With eyes firmly on Wimbledon, the former world number one decided to alleviate himself of the strain of the only clay court grand slam, a couple of weeks after his withdrawal from the Madrid Open.
Murray had decided to miss the entirety of the clay-court season to enable himself to be fully prepared for his favoured grass court season in front of home fans.
However, he decided last minute to enter the Madrid Open at the beginning of May as a wildcard.
The Scotsman had turned a few heads, overcoming the likes of Dominic Thiem and Denis Shapovalov in the early rounds.
A nostalgic affair against a lifetime rival, Novak Djokovic, awaited Murray, with the two not facing each other since 2017 in Qatar. A quite shocking statistic, as it felt as if the two heavyweights would go punch for punch most weekends on the circuit.
Nevertheless, Murray was forced to withdraw from the quarterfinal against his old foe due to illness, forcing the tennis world to wait another day for the reunion of Murray and Djokovic.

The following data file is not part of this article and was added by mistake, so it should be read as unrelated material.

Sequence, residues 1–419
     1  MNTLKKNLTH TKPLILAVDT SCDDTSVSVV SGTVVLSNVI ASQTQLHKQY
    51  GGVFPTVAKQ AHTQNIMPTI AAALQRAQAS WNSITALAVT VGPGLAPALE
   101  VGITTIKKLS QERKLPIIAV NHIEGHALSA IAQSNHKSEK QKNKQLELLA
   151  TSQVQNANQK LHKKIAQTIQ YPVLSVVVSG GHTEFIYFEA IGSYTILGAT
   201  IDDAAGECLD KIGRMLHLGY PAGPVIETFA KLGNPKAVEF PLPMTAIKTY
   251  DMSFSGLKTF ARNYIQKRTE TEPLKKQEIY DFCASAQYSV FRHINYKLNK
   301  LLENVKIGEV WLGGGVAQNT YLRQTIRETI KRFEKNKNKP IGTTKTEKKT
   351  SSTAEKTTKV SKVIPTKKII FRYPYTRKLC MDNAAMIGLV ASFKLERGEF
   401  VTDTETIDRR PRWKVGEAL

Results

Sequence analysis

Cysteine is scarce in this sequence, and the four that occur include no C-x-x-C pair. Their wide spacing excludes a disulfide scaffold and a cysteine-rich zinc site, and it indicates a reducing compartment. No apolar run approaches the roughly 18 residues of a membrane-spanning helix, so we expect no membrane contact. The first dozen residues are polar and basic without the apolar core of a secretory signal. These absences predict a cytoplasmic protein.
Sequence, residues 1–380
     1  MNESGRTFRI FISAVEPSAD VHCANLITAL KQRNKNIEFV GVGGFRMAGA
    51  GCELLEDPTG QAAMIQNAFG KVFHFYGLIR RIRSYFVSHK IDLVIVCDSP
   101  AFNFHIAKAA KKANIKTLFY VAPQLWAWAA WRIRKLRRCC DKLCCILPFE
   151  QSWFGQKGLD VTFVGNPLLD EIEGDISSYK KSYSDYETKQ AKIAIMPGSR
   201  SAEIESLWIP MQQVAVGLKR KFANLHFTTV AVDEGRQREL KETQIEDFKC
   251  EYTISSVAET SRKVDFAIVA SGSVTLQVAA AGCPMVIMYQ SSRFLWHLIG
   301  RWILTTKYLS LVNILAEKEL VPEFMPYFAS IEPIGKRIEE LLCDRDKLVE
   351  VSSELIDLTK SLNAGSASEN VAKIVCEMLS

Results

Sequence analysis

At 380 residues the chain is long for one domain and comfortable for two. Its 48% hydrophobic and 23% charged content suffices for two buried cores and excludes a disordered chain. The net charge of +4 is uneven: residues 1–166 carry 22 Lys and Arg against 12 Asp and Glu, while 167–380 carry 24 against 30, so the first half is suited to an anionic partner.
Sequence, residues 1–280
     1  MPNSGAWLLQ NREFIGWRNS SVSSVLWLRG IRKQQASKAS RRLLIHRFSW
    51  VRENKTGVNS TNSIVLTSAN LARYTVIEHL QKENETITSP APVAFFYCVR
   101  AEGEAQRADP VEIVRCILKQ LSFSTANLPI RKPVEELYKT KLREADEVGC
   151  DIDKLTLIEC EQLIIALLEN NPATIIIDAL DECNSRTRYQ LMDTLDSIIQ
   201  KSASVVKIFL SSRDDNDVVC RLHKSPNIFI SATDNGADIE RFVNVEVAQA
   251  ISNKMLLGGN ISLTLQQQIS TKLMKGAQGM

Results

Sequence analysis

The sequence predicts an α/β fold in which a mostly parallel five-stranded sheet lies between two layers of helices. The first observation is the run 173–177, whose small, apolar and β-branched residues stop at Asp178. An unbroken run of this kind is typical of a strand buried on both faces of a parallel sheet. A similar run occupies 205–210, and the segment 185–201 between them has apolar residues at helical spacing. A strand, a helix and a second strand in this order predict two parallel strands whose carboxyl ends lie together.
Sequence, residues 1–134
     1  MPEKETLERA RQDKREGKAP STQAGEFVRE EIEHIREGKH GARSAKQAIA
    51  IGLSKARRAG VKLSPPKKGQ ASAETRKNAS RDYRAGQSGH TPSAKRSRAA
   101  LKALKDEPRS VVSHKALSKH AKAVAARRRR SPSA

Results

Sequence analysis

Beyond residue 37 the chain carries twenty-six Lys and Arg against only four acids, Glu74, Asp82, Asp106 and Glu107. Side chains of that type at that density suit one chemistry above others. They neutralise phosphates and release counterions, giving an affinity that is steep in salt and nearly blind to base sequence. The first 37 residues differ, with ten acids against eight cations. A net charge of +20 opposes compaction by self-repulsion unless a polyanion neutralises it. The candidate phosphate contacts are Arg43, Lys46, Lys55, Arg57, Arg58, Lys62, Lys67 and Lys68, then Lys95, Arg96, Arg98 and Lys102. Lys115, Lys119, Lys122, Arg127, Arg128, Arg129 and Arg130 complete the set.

Due to the said withdrawal being illness, there were still hopes for Murray to compete in the grand slam in Paris, but these wishes were soon quelled by Murray’s announcement on May 15th.
All of the top nine ATP ranked players competed in the Grand Slam, leaving Murray’s absence from the tournament a sad fate to bear.
As extra preparation for Wimbledon, Murray has prolonged his grass court season by entering into the Surbiton Trophy for the first time since 2004, where he will face the Austrian Jurij Rodionov.
Murray will also have opportunities to play at Queens and Eastbourne, before he takes to the courts of the illustrious courts of Wimbledon, where he has reveled in so much success.
With the Brit recently turning 35 years old with constant injury worries, one hopes for the grass court season to go smoothly and victorious for himself, with the fear of an injury before the grass court Grand Slam plaguing the minds of many.